Millions of dollars in grant funding could be on the way to Fresno State and other regional universities across the country that are in economically distressed areas.
Tuesday, Rep. Jim Costa (D–Fresno) held a press conference at Fresno State to unveil new legislation that he will put forward to Congress that would benefit up to 174 universities.
Besides Fresno State, the other universities in California that would be eligible for the grants would be California State University, Los Angeles, San Diego State and Cal Poly Pomona.
The legislation comes from a 2021 study from the Brookings Institute that proposed federal grants between $25-$50 million over a five year period to regional public universities in distressed communities to support economic and community development.
“Universities like Fresno State and many universities throughout California, but throughout the country, support community development,” Costa said. “They represent constituencies where we have distressed communities. They support the workforce, leading to faster employment growth, along with a higher per capita income.”
Much of the discussion centered around the “haves” vs the “have nots” – in other words, the land grant universities of the University of California system and the California State University system.
University Presiden Saul Jimenez-Sandoval and Maddy Institute Executive Director Mark Keppler joined Costa for the announcement and supported the legislation.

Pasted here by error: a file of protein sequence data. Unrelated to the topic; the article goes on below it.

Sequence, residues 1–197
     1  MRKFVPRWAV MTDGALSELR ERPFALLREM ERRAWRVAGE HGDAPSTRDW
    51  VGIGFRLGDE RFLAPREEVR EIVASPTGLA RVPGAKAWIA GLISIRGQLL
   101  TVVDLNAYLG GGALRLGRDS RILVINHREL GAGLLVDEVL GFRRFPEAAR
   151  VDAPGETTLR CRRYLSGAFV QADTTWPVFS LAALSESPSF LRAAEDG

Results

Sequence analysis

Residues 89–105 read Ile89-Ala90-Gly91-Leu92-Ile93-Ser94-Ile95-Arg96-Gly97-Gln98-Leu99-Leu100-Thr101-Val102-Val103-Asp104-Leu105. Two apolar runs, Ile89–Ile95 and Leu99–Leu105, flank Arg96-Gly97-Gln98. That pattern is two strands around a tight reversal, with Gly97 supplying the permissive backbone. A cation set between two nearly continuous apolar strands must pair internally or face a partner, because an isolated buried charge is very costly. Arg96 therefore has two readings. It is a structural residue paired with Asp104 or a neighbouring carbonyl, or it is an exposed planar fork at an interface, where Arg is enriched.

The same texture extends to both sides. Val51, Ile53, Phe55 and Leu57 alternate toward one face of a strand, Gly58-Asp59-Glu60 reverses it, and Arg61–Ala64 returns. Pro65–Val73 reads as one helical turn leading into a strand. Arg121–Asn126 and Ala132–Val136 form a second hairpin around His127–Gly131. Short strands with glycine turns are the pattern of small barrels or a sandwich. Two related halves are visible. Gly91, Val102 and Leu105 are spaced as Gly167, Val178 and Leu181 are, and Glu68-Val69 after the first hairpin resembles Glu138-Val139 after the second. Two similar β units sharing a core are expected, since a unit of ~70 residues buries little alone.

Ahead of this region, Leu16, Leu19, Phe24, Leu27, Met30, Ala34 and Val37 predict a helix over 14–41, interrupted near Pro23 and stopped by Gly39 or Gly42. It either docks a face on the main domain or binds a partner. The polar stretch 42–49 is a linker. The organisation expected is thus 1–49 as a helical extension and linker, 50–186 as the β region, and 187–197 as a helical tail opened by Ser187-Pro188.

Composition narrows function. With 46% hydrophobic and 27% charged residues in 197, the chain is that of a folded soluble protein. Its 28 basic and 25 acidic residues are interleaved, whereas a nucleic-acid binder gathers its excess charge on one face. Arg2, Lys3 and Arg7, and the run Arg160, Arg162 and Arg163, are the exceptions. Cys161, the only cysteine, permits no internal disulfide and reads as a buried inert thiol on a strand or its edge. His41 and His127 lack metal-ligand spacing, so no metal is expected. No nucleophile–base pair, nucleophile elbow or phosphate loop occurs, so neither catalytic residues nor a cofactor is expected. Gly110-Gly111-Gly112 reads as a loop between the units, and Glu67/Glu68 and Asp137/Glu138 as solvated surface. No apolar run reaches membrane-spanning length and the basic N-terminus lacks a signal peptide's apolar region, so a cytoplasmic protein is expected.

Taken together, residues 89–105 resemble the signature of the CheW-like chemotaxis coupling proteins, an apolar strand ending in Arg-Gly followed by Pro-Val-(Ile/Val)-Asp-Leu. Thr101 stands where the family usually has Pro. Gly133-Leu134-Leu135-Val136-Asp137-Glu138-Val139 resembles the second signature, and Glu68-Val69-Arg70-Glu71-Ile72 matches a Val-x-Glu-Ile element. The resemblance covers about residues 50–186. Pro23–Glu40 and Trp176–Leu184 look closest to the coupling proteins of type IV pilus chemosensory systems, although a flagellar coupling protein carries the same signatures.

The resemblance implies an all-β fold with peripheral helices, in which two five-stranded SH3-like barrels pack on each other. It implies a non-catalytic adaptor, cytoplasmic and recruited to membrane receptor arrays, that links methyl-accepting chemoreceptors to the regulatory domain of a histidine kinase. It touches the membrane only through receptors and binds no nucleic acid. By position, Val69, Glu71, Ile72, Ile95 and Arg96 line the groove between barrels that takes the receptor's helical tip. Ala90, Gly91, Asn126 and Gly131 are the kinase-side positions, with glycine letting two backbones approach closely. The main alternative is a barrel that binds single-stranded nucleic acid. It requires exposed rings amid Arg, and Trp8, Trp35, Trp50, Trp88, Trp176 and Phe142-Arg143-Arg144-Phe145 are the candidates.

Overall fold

Keppler noted the initial proposal in the Brookings Institute study was for around $1.5 billion total for 150 universities.
“Land grant universities receive many multiples of that,” Keppler said. “Regional public universities like Fresno State receive virtually nothing. The intellectual assets of universities like Fresno State that have tremendous research ability and applied research that can actually make a difference on the ground – give them the resources to allow them to do that.”
Keppler added that the legislation “would really be transformational nationwide.”
Jimenez-Sandoval called back to the state’s education plan that was proposed in the late 1960s.
Under that plan, the UC system would be the state’s research university, the CSU system would be the teaching university of applied disciplines and the community colleges would be trade schools.
“Now is no longer the time for these three very distinct lines,” Jimenez-Sandoval said. “Now is the time for this complex collaboration that precede each of these groups as partners in solving the big problems of the world, and these big problems of course are poverty to water, etcetera.”